Great salaries, excellent bonuses, fairly valued markets, high interest rates - the time looks just perfect to design and put together your mutual fund portfolio.
Building a MF portfolio is akin to building and furnishing your own home:
- It depends on your financial capacity
- Your personal tastes and preferences
- Requires a lot of patience and care
Therefore, while there cannot be a model portfolio suiting everyone's needs and objectives, you can follow a few general rules to build yourself one.
Be clear of what you want
To begin with, you must decide what your financial objectives are; and how much risk you are willing to take to achieve those objectives.
The goals should be as precise as possible. For example you goals could be
Rs 50,000 to pay-off the personal loan in 2007
Rs 200,000 for children's higher education in 2012
Rs 100,000 for foreign trip in 2010
Rs 750,000 for daughter's marriage in 2015
Rs 1 crore (Rs 10 million) retirement corpus in 2020
Second, your goals must be realistic. They must be in line with your financial position and risk appetite. No point in having too ambitious or too pessimistic goals; or having goals, which require you to take undue risks.
Devote proper time and thought to planning your goals.
Done? Good, that's a major part of your job over. Once you know where you stand and where you want to go, the rest is just a matter of details.
Match each goal with the appropriate MF category
Equity markets are too volatile in the short-term, but can give good returns in the long run. Debt funds, on the other hand, give steady but low returns. Therefore, select the goals, which you will finance through equity funds and through debt funds.
Assuming your retirement is still 15 years away, a predominantly equity portfolio may be a better option.
But for your personal loan, which is payable just one year hence, debt funds will be more suitable.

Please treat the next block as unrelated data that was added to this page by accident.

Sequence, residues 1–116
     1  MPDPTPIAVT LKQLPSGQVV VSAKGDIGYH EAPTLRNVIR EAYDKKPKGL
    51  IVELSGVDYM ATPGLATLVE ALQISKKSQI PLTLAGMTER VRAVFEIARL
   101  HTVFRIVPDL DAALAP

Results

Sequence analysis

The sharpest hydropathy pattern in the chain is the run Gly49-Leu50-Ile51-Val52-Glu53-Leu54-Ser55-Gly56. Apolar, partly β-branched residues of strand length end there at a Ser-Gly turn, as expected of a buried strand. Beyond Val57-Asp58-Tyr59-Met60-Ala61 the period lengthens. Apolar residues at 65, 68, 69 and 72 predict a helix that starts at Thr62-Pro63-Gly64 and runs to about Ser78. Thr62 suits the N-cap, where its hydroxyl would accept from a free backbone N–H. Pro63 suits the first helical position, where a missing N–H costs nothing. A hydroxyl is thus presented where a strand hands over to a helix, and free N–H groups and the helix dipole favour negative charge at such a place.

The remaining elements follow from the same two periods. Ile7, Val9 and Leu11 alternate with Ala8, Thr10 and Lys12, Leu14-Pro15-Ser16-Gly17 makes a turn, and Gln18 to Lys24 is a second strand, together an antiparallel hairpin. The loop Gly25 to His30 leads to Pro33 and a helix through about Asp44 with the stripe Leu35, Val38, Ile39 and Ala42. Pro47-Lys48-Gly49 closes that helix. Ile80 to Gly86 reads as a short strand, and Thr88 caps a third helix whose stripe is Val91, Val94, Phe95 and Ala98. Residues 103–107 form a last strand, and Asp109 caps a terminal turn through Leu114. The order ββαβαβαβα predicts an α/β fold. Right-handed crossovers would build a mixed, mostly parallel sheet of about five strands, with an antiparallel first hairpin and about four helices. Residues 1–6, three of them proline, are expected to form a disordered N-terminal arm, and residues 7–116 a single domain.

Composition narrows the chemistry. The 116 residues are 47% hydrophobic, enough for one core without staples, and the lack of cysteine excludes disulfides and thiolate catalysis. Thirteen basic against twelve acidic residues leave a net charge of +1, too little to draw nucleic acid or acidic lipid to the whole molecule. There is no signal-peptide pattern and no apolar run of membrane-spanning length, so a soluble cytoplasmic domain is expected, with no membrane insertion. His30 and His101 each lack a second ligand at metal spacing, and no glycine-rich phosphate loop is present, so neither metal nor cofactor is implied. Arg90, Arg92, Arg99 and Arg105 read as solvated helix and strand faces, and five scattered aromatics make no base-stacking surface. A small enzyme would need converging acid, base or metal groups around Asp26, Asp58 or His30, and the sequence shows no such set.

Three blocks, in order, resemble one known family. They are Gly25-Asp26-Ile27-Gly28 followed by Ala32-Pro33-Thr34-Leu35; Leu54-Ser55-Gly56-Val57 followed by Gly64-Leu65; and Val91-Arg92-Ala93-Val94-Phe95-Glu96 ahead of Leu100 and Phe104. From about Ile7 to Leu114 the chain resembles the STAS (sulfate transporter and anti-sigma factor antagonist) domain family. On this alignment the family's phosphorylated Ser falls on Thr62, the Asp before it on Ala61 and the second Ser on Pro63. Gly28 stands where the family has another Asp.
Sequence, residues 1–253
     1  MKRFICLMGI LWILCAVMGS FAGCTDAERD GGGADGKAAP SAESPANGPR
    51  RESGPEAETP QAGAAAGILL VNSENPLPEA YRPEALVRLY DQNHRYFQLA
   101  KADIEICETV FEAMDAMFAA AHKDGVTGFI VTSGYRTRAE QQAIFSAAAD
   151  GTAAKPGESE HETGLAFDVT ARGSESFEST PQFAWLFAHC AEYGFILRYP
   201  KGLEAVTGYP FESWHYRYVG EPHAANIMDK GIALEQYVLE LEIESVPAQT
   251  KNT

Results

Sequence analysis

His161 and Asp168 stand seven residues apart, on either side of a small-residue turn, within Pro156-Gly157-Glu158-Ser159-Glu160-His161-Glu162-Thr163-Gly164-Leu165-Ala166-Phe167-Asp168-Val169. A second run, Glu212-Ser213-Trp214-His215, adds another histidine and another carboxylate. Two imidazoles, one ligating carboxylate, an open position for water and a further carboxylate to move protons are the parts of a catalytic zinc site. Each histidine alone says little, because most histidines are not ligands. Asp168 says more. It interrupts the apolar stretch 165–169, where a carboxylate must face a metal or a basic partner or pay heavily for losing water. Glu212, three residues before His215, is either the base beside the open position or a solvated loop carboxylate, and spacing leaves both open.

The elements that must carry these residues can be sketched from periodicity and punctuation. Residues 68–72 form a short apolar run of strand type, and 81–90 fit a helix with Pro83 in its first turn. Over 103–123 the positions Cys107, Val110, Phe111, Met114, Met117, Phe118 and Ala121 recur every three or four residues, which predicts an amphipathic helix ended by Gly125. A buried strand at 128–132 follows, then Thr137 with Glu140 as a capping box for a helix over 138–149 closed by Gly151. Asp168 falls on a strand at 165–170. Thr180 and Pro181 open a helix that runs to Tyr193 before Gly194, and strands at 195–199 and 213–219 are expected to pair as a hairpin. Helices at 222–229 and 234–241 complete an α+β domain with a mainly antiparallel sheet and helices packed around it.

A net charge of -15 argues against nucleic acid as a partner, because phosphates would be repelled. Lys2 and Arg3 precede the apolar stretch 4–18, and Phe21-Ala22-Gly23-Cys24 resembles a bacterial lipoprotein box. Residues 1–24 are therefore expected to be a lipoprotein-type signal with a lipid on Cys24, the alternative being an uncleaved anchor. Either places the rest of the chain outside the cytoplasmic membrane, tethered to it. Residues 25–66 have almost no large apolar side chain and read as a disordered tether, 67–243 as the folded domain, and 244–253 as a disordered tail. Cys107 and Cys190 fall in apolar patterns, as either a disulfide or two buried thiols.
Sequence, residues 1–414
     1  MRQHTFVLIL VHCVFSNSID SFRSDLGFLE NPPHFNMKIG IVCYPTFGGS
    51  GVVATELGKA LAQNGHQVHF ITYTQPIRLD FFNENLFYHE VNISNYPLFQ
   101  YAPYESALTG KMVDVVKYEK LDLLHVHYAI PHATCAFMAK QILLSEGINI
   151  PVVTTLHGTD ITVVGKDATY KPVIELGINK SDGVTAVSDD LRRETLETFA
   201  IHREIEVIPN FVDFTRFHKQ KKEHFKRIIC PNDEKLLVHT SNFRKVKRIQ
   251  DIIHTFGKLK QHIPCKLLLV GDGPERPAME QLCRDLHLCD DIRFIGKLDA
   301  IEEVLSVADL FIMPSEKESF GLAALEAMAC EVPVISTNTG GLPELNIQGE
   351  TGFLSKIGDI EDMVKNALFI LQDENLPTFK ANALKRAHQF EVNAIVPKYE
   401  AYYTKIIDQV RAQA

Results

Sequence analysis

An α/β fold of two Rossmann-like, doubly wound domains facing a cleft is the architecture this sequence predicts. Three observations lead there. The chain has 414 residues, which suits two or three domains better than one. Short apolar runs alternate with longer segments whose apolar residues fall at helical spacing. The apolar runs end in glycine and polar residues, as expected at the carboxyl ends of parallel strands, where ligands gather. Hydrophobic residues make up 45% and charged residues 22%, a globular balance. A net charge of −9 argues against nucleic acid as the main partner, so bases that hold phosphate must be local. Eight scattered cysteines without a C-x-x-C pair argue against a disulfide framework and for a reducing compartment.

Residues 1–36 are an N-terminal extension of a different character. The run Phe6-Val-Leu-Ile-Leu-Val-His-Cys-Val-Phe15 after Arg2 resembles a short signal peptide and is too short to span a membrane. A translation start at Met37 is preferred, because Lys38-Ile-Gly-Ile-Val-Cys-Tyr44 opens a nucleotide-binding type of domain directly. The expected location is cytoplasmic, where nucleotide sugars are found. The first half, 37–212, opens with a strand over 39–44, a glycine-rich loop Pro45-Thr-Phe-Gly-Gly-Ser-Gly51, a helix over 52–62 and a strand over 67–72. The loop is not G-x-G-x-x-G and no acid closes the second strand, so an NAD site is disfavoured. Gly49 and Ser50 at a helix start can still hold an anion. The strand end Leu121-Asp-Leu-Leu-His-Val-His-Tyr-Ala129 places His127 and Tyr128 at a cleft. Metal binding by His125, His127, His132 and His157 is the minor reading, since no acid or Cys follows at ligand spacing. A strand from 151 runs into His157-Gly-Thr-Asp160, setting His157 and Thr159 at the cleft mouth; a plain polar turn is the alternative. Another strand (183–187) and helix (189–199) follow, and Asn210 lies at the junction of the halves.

And for the medium term, like your foreign trip, balanced funds may be the right answer.
Liquid funds are a nice way to park your very short-term funds.
Depending on the corpus, one could invest in an average of 4-7 funds for an equity portfolio and maybe 3-4 funds for the debt and balanced category. Too less a number of funds make your portfolio concentrated and risky. Too many, makes it unmanageable and doesn't really serve the purpose. You need to strike the right balance.
Also, while selecting the fund, study their portfolio mix and ensure that they are different. If most of them are same, then even with 6-7 funds you won't get the desired diversification.
In order to achieve diversification across asset classes, one could now look at some of the forthcoming options such as real estate fund, gold fund, international fund etc.
Build a suitable mix of equity funds
Apart from allocating your corpus in different asset classes, you need to do some allocation within the equity class. Index/Large Cap funds, Mid-cap/Small cap funds and Sector Funds are the 3 broad sub-categories in which you have to divide your corpus.
Index and Large Cap funds will deliver steady returns, which will be in line with the market performance. In the equity space, they carry lesser risk as compared to mid caps, small caps etc. About 70-80% of your corpus could be allocated to this category. They provide stability to your portfolio. Go for funds with moderate risk and consistent performance.
Your portfolio may need some kicker too. Mid-cap/Small cap funds and Sectors Funds have the potential to provide higher growth (of course with a higher risk). Be prepared for a bumpy ride; and sometimes crash landing too. A 10-20% allocation to this category may be okay. In case of a bad performance, major portion of your corpus is still relatively safe. Large caps will minimise your losses and will also bounce back quickly.
Don't forget the tax aspect
Neglecting to pay tax is bad, but tax planning is not. It can help you to minimize your tax outgo, legally.
Therefore, take care to choose the right option - dividend payout, dividend reinvestment or growth. They may help you to save unnecessary taxes. Make sure that you use the post-tax returns in your calculations. Else you may miss your target.
Having built a suitable portfolio, you need to nurture it. You have to regularly feed it with additional investments. You will have to remove the weeds (poor performing funds) periodically. And be patient. It takes time for the tree to grow. But once is has grown, it becomes strong - so you don't have to take too much care; and fruitful - it will give you returns year after year.
The author is an investment advisor and can be reached at firstname.lastname@example.org.
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